New discoveries arising from space biology research can be brought into the world providing solutions for healthcare and therapies to improve the quality of life on our precious and unique planet. Currently the options available for researchers to conduct microgravity experiments is either directly on the ISS or with ground-based simulators. While the process of conducting research missions on the ISS is still costly and time consuming, there have been significant advancements towards simulated microgravity technologies dedicated to biological research. On of the most widely used is the random positioning machines (RPM), which works by continually providing random changes in orientation relative to the gravity vector to reach 10-3 G and let the cells experience the hostile environment of space while on Earth. Nevertheless, data collected from different research groups show discrepancies and different behaviours from same cells under simulated microgravity condition. This can be due to different experimental setup that see the cells cultured in non-physiological condition, such as using conventional culture dishes and flasks. Thus, to further advance microgravity research and facilitate experiments in a laboratory setting, new economically accessible technologies and reliable tools are needed to provide alternatives for researchers. With the advancement of microfluidics and bioprinting technologies we are now able to recapitulate controlled physiological mechanical environment within miniaturized, compact and closed biological platforms. Our study introduces and highlights the application of 3D printed technology in cell biology research under simulated microgravity condition, as a simple and easy-to-use strategy. The features of our Microgravity-on-a-chip (MOC) and its ability to conduct basic and advanced molecular biology assays were demonstrated by unveiling insights into the mechanobiological response of healthy and cancerous cells under microgravity, setting the foundation for a good comparison.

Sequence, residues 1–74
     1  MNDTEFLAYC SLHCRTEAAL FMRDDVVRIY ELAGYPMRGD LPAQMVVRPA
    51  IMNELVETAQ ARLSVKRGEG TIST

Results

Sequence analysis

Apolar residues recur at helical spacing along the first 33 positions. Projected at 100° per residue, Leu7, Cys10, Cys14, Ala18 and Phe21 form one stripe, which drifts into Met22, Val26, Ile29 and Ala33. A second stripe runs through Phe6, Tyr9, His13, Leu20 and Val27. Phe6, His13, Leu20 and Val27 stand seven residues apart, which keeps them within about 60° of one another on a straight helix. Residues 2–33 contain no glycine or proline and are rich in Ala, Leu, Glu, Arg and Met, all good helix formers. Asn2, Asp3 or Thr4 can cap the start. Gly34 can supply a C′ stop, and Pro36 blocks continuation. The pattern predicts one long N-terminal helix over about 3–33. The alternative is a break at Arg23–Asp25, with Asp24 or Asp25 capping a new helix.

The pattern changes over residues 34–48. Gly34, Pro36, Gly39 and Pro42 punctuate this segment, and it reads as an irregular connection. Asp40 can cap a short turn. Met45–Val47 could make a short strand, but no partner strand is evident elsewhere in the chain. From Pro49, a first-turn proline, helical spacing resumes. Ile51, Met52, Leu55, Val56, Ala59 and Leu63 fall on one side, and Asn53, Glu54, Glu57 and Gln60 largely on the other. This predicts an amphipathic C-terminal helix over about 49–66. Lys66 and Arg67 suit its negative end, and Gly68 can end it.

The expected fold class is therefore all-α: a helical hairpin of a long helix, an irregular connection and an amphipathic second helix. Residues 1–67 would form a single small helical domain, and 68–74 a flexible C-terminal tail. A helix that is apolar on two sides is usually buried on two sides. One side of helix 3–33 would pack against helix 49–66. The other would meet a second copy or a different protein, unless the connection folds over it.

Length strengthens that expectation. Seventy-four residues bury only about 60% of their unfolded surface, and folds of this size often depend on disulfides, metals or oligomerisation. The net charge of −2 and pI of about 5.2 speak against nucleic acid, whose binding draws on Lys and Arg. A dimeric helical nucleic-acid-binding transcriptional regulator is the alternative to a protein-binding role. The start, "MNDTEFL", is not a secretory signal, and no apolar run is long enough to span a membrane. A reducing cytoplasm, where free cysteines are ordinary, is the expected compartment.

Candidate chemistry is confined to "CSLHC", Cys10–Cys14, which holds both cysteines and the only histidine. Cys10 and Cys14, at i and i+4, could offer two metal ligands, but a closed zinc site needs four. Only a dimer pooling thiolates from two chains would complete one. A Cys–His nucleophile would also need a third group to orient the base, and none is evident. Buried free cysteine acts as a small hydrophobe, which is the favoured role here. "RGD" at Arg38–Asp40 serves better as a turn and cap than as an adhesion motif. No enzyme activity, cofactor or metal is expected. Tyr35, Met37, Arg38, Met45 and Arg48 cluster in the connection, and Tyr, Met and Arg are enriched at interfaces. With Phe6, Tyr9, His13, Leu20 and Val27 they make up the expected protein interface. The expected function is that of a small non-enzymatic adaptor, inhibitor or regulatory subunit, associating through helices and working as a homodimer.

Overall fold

How Microgravity Research Can Advance Cancer Research?
Over the years many strategies have been developed towards cancer treatment but as a highly mechanosensitive disease, cancer has continued to elude us. Many basic cancer functions are highly dependent on mechanotransduction mechanisms and as such, the question being asked now is how cancer responds under microgravity and if microgravity can be exploited for therapeutic purpose. Examining cancers without the presence of the persistent gravitational force can provide scientists the ability to unlock mechanobiological processes driving different malignant tumour mechanisms. This can lead to the development of new cellular signaling and adaptation pathways, thus opening new perspectives for the formulation of next generation molecular therapies. This concept introduces the field of space mechanobiology in translational medicine, marking a new era in cancer biology research and treatment. Different studies have already demonstrated the suppressive effect of microgravity on the viability and growth of cancer cells, such as breast, melanoma and brain cancers. In this study we focused on the aggressive glioblastoma and the role of the blood brain barrier in tumor progression. In particular, we aimed at identifying new molecular targets that are responsible for cell graviperception and that can accelerate the development of new targeted drug delivery strategies to stop the progression of this deadly disease. To learn more about the project we invite you to read the complete article “Testing 3D printed biological platform for advancing simulated microgravity and space mechanobiology research”, which can be found here: https://www.nature.com/articles/s41526-022-00207-6